Re: Language?

Danny Ayers wrote:
> >The patterns of "My name is Jim", "My cat is small" match, presumably,
> >but that won't allow us to work out the meaning of the symbols
> >"name","Jim","cat" and "small" - our foreign counterpart could be
> >talking about literally _anything_.  What does "Zr foo ga bar" mean?  We
> >can only try to deduce valid ways of putting the (meaningless) symbols
> >together, i.e. grammar.
> I'll leave proofs to the logicians, but 1. I'm fairly sure that it would be
> impossible to match everything within a finite amount of time, 2. I am
> pretty sure that as long as most sentences written were valid (and the
> languages are both describing the same world as interpreted by the same kind
> of agents) then communication could take place.
> Take a pair of limited vocabularies -
> We know the terms : 'the cat', 'sat on' 'the mat' - call them a, b, c
> Zog knows :  '$', '@', '!' (Zog), call them A, B, C
> we might say abc, we might just say a, we might even occasionally say cab,
> but mostly we'll say abc.
> Now Zog says @!$ a lot, but rarely $!@ - does this suggest anything?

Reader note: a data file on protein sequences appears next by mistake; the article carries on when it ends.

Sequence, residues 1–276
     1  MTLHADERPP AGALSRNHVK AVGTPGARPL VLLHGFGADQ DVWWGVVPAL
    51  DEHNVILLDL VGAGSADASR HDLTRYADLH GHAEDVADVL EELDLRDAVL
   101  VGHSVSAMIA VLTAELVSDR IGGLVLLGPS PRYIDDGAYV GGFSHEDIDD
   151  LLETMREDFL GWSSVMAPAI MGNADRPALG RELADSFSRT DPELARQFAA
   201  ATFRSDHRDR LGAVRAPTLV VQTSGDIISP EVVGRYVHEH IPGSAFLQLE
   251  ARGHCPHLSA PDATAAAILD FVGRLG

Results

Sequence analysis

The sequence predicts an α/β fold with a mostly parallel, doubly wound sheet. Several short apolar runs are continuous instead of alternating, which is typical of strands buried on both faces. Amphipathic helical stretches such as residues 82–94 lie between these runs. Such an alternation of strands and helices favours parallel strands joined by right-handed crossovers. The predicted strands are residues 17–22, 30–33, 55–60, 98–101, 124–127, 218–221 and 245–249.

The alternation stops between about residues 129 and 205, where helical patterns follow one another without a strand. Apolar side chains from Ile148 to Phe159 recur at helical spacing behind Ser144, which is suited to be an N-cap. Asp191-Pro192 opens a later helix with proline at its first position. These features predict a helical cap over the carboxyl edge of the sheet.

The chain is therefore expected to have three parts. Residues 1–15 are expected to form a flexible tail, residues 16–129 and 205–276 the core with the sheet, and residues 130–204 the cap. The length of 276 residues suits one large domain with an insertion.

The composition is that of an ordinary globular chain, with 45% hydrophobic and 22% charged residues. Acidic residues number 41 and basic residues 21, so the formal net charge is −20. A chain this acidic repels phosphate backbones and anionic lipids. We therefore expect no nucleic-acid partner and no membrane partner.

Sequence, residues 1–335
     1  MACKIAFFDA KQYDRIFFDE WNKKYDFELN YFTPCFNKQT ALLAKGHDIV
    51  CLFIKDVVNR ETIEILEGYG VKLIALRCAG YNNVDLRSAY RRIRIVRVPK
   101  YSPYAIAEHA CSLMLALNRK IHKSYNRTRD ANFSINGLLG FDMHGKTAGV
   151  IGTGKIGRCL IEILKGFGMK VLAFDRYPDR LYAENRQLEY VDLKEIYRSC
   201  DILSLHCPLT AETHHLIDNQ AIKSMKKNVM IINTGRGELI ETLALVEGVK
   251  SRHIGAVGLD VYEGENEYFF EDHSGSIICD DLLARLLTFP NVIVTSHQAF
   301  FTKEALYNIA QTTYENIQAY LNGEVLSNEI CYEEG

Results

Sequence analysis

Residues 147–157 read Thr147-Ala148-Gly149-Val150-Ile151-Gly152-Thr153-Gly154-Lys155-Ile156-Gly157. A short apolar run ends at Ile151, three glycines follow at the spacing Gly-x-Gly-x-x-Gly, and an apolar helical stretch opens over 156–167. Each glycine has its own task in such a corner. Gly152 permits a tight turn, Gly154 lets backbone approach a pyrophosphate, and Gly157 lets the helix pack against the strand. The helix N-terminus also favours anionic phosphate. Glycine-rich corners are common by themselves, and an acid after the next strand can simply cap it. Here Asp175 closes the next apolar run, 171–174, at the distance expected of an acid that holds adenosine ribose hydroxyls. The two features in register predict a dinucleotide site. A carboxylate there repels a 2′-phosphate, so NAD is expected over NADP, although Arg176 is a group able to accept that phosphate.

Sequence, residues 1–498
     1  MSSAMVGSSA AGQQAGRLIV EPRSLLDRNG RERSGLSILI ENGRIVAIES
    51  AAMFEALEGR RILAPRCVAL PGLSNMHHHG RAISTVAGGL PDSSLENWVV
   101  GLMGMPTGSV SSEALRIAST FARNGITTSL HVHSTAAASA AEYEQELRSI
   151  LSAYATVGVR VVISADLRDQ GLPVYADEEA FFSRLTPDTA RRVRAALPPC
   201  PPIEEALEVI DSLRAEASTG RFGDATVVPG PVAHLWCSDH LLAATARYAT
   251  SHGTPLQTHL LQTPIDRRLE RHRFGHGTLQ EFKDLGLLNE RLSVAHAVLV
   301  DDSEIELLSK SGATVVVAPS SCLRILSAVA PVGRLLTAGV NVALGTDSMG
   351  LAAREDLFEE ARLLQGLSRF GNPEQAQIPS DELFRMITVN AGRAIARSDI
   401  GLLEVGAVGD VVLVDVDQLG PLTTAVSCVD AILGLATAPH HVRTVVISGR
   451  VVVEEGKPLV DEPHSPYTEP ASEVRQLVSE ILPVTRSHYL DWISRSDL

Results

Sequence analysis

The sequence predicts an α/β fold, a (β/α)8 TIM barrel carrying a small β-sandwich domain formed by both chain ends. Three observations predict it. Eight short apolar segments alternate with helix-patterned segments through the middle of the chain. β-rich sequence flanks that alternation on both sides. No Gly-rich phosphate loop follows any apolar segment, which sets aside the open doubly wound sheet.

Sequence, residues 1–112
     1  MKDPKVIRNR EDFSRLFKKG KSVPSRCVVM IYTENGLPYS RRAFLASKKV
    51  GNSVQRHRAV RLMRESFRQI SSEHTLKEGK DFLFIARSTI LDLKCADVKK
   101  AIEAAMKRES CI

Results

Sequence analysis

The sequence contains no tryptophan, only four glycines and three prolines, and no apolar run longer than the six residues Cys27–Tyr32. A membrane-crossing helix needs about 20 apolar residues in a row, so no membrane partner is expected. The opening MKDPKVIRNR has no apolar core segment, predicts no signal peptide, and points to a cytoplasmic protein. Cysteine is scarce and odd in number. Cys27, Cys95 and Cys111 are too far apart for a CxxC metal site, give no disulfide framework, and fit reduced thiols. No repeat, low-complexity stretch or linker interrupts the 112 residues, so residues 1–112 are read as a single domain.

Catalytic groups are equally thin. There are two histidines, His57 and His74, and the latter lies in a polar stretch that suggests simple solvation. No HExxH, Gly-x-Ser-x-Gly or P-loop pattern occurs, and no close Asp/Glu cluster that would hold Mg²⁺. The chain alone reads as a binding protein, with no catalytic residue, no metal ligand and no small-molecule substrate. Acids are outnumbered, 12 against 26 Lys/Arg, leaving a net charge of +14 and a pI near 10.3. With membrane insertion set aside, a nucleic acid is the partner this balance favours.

No, not really. With a lot of other examples we might be able to sort
some of the symbols into tentative categories and guess at some grammar
rules (assuming that the foreign grammar is anything like ours!), but we
still can never tell what the symbols actually mean. We may be talking
about the same world, but it's a pretty big world, and the symbols could
refer to _anything_.

One might have some success with very limited domains, such as
arithmetic, since you can illustrate numbers using any symbols:

A *
B **
C ***

A # B ***
A # A **
A # C ****

A ~ B **
A ~ A * 
B ~ C ******



/d{def}def/u{dup}d[0 -185 u 0 300 u]concat/q 5e-3 d/m{mul}d/z{A u m B u
m}d/r{rlineto}d/X -2 q 1{d/Y -2 q 2{d/A 0 d/B 0 d 64 -1 1{/f exch d/B
A/A z sub X add d B 2 m m Y add d z add 4 gt{exit}if/f 64 d}for f 64 div
setgray X Y moveto 0 q neg u 0 0 q u 0 r r r r fill/Y}for/X}for showpage

Received on Friday, 11 May 2001 04:01:48 UTC